(141) John Kelman, All About Jazz -- 2/4/09

Watching guitarist Nels Cline attack his electric axe with an egg whisker at his 2005 International Festival Musique Actuelle Victoriaville performance helps explain the perennial question of how he does what he
does, though no single performance sheds a strong enough spotlight on
the chameleon-like guitarist's skill. Even when all the guitars and
effects used on Coward—Cline's first solo guitar album in his
30-plus year career—are documented, there's still the nagging feeling
that even that degree of detail doesn't tell the whole story.

it's best left that way. Although most guitarists eventually take the
plunge into making a solo recording, few create classics where, rather
than being measured against their other releases, the solo album
becomes the gold standard against which all others are gauged. John
Abercrombie's Characters is one, and while Coward

shares little stylistically or aesthetically with that guitarist's 1977
ECM disc, Cline has often shared a strong affinity with Abercrombie's
ability to morph into any musical context, while never losing the
definers that make him who he is.

reflected Abercrombie's musical position at the time, but was early
days; today Cline occupies a far bigger space. Equal parts skronky
noise improv, spare ECM-like lyricism, and folksy roots, Cline's as
influenced by Jimi Hendrix as he is Jim Hall. Coward
the guitarist's many stylistic markers through a personal prism,
creating colors and compositional landscapes that make perfect sense,
even as they traverse dynamics less likely explored when he's playing
in group contexts.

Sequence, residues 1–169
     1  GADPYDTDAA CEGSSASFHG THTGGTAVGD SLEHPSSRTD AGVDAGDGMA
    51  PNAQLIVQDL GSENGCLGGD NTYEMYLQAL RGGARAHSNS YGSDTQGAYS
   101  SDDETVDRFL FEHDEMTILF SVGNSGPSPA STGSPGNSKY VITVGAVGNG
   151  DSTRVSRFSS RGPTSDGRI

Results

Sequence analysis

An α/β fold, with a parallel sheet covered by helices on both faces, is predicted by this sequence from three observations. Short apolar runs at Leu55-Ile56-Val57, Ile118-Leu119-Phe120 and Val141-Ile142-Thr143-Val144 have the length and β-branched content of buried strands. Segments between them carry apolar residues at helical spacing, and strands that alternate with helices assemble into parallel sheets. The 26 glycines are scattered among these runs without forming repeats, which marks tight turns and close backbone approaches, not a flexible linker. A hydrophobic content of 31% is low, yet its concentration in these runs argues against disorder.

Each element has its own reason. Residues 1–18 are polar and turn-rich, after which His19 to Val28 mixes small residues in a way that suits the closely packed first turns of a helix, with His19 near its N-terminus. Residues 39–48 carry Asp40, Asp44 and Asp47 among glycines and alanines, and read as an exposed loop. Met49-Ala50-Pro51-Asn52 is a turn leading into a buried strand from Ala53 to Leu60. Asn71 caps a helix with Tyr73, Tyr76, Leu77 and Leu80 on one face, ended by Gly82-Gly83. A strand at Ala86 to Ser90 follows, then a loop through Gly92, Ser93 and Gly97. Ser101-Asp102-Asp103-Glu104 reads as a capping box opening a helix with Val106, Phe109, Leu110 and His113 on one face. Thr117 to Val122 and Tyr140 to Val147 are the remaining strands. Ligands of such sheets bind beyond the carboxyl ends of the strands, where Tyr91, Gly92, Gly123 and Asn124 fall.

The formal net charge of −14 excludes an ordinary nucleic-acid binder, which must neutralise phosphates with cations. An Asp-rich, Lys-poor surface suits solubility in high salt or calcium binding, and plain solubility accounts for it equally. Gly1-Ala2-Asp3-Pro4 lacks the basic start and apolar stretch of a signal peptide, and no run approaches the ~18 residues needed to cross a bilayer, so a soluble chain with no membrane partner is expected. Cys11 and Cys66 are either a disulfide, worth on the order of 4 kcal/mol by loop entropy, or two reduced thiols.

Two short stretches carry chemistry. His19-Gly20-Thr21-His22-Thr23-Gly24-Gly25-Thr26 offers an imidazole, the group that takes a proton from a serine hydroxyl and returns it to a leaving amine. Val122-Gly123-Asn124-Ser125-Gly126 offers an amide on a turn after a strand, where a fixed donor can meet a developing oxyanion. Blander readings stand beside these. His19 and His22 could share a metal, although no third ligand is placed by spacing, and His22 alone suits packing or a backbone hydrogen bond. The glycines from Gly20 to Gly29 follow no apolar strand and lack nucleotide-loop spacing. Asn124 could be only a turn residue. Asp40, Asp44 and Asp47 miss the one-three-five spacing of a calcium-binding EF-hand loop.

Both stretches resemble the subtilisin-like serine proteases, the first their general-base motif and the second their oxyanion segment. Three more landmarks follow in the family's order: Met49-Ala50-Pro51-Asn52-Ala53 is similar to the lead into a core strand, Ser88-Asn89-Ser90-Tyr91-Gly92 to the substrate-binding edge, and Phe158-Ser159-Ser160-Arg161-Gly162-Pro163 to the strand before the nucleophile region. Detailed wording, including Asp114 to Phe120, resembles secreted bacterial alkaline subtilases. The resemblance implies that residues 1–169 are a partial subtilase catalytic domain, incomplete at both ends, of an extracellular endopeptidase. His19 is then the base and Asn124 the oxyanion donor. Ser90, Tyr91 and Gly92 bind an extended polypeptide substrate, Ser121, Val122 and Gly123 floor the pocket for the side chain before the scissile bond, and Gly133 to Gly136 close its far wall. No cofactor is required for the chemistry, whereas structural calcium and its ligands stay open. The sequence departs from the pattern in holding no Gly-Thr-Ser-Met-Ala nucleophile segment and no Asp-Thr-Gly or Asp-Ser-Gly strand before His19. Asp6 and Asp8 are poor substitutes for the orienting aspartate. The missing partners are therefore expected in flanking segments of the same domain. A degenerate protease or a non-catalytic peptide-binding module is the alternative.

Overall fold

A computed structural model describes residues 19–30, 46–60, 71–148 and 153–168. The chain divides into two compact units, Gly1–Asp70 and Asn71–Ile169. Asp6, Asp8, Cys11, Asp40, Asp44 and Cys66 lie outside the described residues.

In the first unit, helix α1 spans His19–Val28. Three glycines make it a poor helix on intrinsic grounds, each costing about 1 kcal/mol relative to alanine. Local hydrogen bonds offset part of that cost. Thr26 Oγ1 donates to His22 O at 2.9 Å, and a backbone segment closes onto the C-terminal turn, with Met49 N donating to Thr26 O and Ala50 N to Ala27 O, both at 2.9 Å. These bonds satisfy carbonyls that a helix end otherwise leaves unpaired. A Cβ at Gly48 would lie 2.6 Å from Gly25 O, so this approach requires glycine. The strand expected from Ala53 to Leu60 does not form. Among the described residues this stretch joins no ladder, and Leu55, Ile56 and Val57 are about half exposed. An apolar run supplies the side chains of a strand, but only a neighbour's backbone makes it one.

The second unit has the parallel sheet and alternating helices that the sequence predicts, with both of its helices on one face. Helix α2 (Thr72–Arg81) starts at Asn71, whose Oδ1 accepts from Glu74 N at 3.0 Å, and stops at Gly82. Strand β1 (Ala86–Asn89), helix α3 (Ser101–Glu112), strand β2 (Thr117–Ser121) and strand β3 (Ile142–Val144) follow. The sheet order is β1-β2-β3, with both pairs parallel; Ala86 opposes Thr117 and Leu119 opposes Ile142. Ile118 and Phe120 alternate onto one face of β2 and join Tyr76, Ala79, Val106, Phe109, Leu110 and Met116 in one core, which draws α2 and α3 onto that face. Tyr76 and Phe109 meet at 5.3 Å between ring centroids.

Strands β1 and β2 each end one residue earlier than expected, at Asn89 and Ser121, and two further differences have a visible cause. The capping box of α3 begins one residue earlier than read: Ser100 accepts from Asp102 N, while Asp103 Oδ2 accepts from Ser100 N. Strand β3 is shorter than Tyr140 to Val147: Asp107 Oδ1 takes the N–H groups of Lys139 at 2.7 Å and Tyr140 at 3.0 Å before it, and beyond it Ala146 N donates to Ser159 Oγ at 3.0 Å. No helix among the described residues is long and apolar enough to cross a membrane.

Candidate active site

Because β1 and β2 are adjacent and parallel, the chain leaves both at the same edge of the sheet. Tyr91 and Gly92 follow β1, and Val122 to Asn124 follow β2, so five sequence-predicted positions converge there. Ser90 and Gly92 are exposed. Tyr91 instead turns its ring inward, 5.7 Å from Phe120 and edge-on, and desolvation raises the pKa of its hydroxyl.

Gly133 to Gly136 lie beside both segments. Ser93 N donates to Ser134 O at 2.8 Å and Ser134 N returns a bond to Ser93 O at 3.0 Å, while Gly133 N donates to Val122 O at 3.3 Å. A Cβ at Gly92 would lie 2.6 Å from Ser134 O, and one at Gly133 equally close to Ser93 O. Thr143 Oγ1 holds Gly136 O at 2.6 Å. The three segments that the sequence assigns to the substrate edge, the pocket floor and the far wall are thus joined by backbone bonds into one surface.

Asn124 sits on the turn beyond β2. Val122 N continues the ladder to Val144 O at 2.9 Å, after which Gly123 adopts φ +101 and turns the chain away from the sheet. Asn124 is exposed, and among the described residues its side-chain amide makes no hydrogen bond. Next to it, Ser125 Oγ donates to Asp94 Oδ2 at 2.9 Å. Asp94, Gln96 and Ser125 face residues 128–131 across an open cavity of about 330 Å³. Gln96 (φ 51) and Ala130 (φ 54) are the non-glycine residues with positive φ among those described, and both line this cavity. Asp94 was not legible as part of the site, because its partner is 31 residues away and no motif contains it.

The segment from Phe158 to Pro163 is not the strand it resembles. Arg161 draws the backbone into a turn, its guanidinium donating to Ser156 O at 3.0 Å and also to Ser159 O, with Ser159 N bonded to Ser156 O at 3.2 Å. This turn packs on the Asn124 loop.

"Epiphyllum" and "Cymbidium" are dense, seemingly static soundscapes that, respectively, open Coward
on a dark, foreboding note belying things to come while closing it on a
somewhat more optimistic note. In between, there's a wealth of
evocative writing—ranging from miniatures to lengthy, episodic
suites—and the revelation of a rich, sophisticated harmonic
sensibility, and textural combinations of instruments and electronics
that are no less important than the writing itself. The combination of acoustic and electric guitars on the arpeggio-driven "Prayer Wheel" clearly references Characters,
as well as Abercrombie's duets with Ralph Towner. The oblique
electronics and abstruse finger-picking of "Thurston Country," which
lead to pulsing, acoustic guitar-driven strumming, stray closer to
Wilco, while the zither, banjo uke, Turkish 12-string and other more
exotic instruments that augment straight and prepared 6- and 12-string
acoustic guitars on the epic, 18-minute "Rod Poole's Gradual Ascent to
Heaven" create a steel-string-driven orchestra with a strong focus on
Cline's rich predilection for form over freedom.

Like the best solo guitar albums, Coward
transcends being merely an exercise in the instrument's vast
potential—though it is that, too. Impossible to create without Cline's
unequivocal virtuosity, the largely acoustic Coward remains about everything but
guitaristic acumen. Instead it's an instrumental masterpiece, further
positioning Cline as one of today's most open-minded composers, players
and musical conceptualists. Despite its not inconsiderable challenges,
it retains a surprisingly broad appeal, making it a true classic that
will likely keep aspiring guitarists scratching their heads for years
to come.-by John Kelman

John Kelman
All About Jazz